Sync the files with your S3 bucket

In this section, you will zip and upload all of the source files to S3 so that they can be committed to the CodeCommit repository that is automatically provisioned by the stack generated by the ccoa-remediation-pipeline.yml template.

NOTE: Make a note of the S3 bucket you create as you will be using this is a parameter when launching your CloudFormation stack. 

From your AWS Cloud9 environment, type the following:

cd ~/environment/tmp-ccoa/codecommit
zip ccoa-lesson0-examples.zip *.*
aws s3 sync ~/environment/tmp-ccoa/codecommit s3://ccoa-lesson0-$(aws sts get-caller-identity --output text --query 'Account')

Step 3. Launch the Stack

From your AWS Cloud9 environment, type the following (replacing [email protected] and REGIONCODE with the appropriate values):


aws cloudformation create-stack --stack-name ccoa-rem --template-body file:///home/ec2-user/environment/tmp-ccoa/codecommit/ccoa-remediation-pipeline.yml --parameters ParameterKey=EmailAddress,[email protected] ParameterKey=CodeCommitS3Bucket,ParameterValue=ccoa-lesson0-$(aws sts get-caller-identity --output text --query 'Account') ParameterKey=CodeCommitS3Key,ParameterValue=ccoa-lesson0-examples.zip --capabilities CAPABILITY_NAMED_IAM --disable-rollback --region REGIONCODE

Step 4. Test the Deployment

First, verify that the CloudFormation stack you just launched (called ccoa-rem) was successfully created. Click on the PipelineUrl Output to launch deployment pipeline in CodePipeline to see it running. Verify that the pipeline successfully went through all stages (as shown below).

Next, you’ll create an S3 bucket that allows people to put files into the bucket. We’re doing this for demonstration purposes since you should not grant any kind of public write access to your S3 bucket. Here are the steps:

  1. Go to the S3 console
  2. Click the Create bucket button
  3. Enter ccoa-s3-write-violation-ACCOUNTID in the Bucket name field (replacing ACCOUNTID with your account id)
  4. Click Next on the Configure Options screen
  5. Unselect the Block all public access checkbox and click Next on the Set Permissions screen (see the figure below)
  6. Click Create bucket on the Review screen
  7. Select the ccoa-s3-write-violation-ACCOUNTID bucket and choose the Permissions tab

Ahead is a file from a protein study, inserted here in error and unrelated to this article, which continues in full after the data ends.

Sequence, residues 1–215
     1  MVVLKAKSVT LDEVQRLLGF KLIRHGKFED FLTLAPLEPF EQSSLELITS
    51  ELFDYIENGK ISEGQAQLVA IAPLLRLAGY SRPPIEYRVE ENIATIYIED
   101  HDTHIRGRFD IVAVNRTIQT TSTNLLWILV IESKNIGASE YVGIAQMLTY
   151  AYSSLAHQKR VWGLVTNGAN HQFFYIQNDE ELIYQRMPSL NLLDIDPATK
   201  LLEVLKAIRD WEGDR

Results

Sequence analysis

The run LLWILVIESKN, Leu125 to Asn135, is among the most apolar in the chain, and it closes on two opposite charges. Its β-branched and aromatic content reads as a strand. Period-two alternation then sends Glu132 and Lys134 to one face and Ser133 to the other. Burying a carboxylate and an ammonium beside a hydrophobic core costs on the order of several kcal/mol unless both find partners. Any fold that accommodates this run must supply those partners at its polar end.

8. Click on Bucket Policy and paste the contents from below into the Bucket policy editor text area (replace both mybucketname values with the ccoa-s3-write-violation-ACCOUNTID bucket you just created)
  9. Click the Save button

{
  "Version": "2012-10-17",
  "Statement": [
    {
      "Effect": "Allow",
      "Principal": "*",
      "Action": [
        "s3:Abort*",
        "s3:DeleteObject",
        "s3:GetBucket*",
        "s3:GetObject",
        "s3:List*",
        "s3:PutObject"
      ],
      "Resource": [
        "arn:aws:s3:::mybucketname",
        "arn:aws:s3:::mybucketname/*"
      ]
    }
  ]
}

You’ll receive this message: You have provided public access to this bucket. We highly recommend that you never grant any kind of public access to your S3 bucket.

View Config Rules

In this section, you’ll verify that the Config Rule has been triggered and that the S3 bucket resource has been automatically remediated:

  1. Go to the Config console
  2. Click on Rules (your s3-bucket-public-write-prohibited rule should be noncompliant as shown below)
  3. Select the s3-bucket-public-write-prohibited
  4. Click the Re-evaluate button
  5. Go back Rules in the Config console
  6. Go to the S3 console and choose the ccoa-s3-write-violation-ACCOUNTID bucket that the bucket policy has been removed.
  7. Go back Rules in the Config console and confirm that the s3-bucket-public-write-prohibited rule is Compliant

What’s Next?

In this post, you learned how to setup a robust automated compliance and remediation infrastructure for noncompliant AWS resources using services such as S3, AWS Config & Config Rules, Amazon CloudWatch Event Rules, AWS Lambda, IAM, and others. You did this by automating all of the provisioning using tools like AWS CloudFormation, AWS CodePipeline, AWS CodeCommit, and AWS CodeBuild.

By leveraging this approach, your AWS infrastructure is capable of rapidly scaling resources while ensuring these resources are always in compliance without humans needing to manually intervene.

Consider the possibilities when adding hundreds if not thousands of rules and remediations to your AWS infrastructure. Below is just an example of some of the different types of Managed Config Rules you can run. What if you took each of these and developed custom remediations for them and ensured they were running across all of your AWS accounts? Or, what if you wrote your own Config Rules and triggered CloudWatch Events to execute remediations you developed in Lambda? This way your compliance remains in lockstep with the rest of your AWS infrastructure.

As a result, engineers can focus their efforts on automating the prevention, detection, and remediation of their AWS infrastructure rather than manually hunting down every noncompliant resource, creating a ticket, and manually fixing the issue. This is Continuous Compliance – at scale!

Sample Code

The code for the examples demonstrated in this post are located here. Let us know if you have any comments or questions @mphasis or @stelligent.